sod house

sod house

sod house, house with walls made of strips of sod laid horizontally in courses like bricks. Sod houses were common in the frontier days on the western plains of the United States, where wood and stone were scarce. The sod, turned by the plow and held together by roots, was lifted in strips and usually cut in 3-ft (1-m) lengths (sods). The walls were hewed smooth with a spade and were often plastered with clay and ashes. Sometimes roofs were of frame construction; usually they were thatched or covered with sods, which had to be replaced after heavy rains. Sod walls were fire- and windproof and good insulators, but they permitted only small window openings. For other earth houses, see rammed earth.

See E. Dick, The Sod-House Frontier (1937).

The sod house or "Soddy" was a corollary to the log cabin during frontier settlement of the United States and Canada. The prairie lacked standard building materials such as wood or stone; however, sod from thickly-rooted prairie grass was abundant. Prairie grass had a much thicker, tougher root structure than modern landscaping grass.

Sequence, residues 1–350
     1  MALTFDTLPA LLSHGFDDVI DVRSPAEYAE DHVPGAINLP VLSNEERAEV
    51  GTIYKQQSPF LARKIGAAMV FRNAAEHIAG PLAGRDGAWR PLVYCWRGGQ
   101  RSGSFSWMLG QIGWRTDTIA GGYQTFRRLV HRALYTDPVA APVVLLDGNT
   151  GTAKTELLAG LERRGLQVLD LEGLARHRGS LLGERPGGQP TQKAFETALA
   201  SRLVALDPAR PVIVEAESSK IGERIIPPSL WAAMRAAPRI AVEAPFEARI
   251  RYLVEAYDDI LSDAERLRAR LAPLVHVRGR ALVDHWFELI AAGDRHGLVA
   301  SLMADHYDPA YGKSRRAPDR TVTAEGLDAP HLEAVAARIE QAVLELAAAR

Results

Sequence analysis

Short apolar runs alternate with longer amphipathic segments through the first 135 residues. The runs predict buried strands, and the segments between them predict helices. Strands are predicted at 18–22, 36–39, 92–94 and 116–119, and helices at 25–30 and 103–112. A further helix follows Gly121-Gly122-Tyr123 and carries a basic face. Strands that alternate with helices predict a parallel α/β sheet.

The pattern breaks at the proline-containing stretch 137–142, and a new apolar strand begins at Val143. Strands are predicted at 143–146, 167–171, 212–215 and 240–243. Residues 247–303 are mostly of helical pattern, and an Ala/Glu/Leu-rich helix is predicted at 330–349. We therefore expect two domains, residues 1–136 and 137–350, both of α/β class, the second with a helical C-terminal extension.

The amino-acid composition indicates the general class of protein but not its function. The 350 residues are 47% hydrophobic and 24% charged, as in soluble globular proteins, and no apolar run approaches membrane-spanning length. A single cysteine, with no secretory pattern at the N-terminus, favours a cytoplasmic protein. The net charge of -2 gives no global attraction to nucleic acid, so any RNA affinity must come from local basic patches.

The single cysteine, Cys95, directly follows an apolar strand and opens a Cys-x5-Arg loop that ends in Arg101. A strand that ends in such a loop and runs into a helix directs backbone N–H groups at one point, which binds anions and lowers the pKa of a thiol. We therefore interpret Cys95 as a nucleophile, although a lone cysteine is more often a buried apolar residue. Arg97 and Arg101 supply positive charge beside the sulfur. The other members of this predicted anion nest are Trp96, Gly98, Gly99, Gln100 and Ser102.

Construction of a sod house involved cutting patches of sod in rectangles, often 2'×1'×6" (600×300×150mm) long, and piling them into walls. Builders employed a variety of roofing methods. Sod houses could accommodate normal doors and windows. The resulting structure was a well-insulated but damp dwelling that was very inexpensive. Sod houses required frequent maintenance and were vulnerable to rain damage. Stucco or wood panels often protected the outer walls. Canvas or plaster often lined the interior walls.

In the United States, the terms of the Homestead Act offered free farmland to settlers who built a dwelling and cultivated the land for five years. Related straw-bale construction developed in Nebraska with early baling machines and has endured as a modern building material. Sod houses achieved none of the nostalgia that log cabins gained, probably because soddies and pottys were much more subject to dirt and infestations of insects. Early photographs record some sod houses; otherwise, they have all but disappeared from the landscape.

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